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February 6, 2006


Question from Athens, Ohio, USA:

My 77 year old grandmother has an untreatable aneurysm, which has caused mini strokes and some slight dementia. She was diagnosed about a year and a half ago with type 2 diabetes and her doctor agreed to place her on oral medication, as long as she monitored her diet and kept her blood sugar under control. At her last visit, her cholesterol was elevated and, recently, she has been having blood pressure problems, particularly low blood pressure. We have ruled out the possibility of the aneurysm being the cause of the blood pressure issues, however, I am not certain that the cause isn't the diabetes. In my studies of dietetics as an undergraduate, we learned that diabetes can most certainly influence both blood pressure and cholesterol issues, particularly blood pressure if kidney problems are suspected. Should we investigate further into this or wait it out? Her general practitioner just told her to monitor her diet more closely as if it was no big deal.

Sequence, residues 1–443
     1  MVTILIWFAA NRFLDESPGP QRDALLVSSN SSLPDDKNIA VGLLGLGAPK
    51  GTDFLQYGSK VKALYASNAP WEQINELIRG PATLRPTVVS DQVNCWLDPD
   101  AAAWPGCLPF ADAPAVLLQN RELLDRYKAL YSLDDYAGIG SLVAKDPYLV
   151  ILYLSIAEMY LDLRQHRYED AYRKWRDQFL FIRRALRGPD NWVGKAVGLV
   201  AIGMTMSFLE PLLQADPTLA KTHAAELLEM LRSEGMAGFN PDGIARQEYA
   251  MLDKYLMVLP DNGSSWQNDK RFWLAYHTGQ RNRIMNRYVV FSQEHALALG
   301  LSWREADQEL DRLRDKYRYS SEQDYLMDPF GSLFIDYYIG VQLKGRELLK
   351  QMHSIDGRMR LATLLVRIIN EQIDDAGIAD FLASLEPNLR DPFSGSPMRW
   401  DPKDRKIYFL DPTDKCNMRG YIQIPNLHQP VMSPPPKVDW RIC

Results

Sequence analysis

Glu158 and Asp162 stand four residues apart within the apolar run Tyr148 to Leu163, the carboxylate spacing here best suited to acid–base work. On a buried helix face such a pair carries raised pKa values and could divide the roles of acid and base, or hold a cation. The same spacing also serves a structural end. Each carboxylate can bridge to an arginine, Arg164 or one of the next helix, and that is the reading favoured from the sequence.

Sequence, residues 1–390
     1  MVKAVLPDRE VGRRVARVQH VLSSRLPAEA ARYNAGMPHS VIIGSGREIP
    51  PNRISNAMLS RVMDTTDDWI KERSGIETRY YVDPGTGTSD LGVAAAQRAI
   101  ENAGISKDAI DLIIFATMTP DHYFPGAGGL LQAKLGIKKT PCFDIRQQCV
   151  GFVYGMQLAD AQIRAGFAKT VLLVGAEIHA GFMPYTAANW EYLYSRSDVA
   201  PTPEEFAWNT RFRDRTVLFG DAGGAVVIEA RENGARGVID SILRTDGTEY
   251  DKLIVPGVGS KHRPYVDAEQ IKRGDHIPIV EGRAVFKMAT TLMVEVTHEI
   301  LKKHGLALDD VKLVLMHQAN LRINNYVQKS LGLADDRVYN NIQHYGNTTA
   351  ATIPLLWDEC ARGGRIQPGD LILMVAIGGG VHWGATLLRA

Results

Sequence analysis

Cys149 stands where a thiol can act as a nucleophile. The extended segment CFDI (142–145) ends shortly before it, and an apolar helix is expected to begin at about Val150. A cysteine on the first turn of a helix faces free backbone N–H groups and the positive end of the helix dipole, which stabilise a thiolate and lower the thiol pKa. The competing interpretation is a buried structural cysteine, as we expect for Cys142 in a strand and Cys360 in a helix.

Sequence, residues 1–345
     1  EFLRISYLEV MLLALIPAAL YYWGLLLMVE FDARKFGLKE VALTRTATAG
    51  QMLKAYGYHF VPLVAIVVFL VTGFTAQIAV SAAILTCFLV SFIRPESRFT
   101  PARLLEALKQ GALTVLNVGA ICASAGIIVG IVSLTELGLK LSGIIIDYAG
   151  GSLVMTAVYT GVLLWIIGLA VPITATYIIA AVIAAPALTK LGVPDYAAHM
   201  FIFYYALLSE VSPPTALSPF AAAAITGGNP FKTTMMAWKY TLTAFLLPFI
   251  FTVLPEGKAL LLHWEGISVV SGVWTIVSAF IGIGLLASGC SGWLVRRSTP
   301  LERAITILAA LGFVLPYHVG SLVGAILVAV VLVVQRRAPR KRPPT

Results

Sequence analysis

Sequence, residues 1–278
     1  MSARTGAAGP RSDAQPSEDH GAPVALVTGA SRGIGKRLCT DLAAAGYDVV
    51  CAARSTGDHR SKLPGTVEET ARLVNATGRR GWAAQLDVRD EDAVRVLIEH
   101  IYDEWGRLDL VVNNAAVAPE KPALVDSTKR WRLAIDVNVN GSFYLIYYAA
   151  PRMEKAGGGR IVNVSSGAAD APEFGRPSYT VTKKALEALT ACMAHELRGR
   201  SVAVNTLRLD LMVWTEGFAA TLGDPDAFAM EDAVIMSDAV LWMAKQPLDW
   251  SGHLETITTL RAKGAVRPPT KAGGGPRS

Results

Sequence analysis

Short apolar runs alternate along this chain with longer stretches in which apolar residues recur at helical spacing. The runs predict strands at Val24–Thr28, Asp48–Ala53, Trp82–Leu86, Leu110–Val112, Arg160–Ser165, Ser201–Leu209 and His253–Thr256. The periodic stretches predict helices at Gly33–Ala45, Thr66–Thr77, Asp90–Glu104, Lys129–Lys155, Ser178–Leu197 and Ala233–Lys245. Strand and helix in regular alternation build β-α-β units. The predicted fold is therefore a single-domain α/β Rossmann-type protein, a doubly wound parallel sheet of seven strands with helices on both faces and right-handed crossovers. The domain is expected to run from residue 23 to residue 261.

When an aneurysm is present, the blood pressure control is critical to preventing rupture or further dilatation that leads to rupture. Therefore, the side effect of the blood pressure control is low blood pressure. Her doctor will have to help you decide whether this is too low or part of the side effects of good control. Diabetes is more likely to cause elevated blood pressure, especially in the presence of kidney involvement. My thoughts are that the cholesterol-lowering is important and generally applied to patients with diabetes. In fact, the practice guidelines from the American Diabetes Association indicate that patients with type 2 diabetes should be on a statin for cholesterol-lowering. Some think that older patients may not benefit, but this is not true. Acute cholesterol-lowering in older individuals serves to stabilize any plaque formation that may serve to fracture and cause a thrombosis in an artery.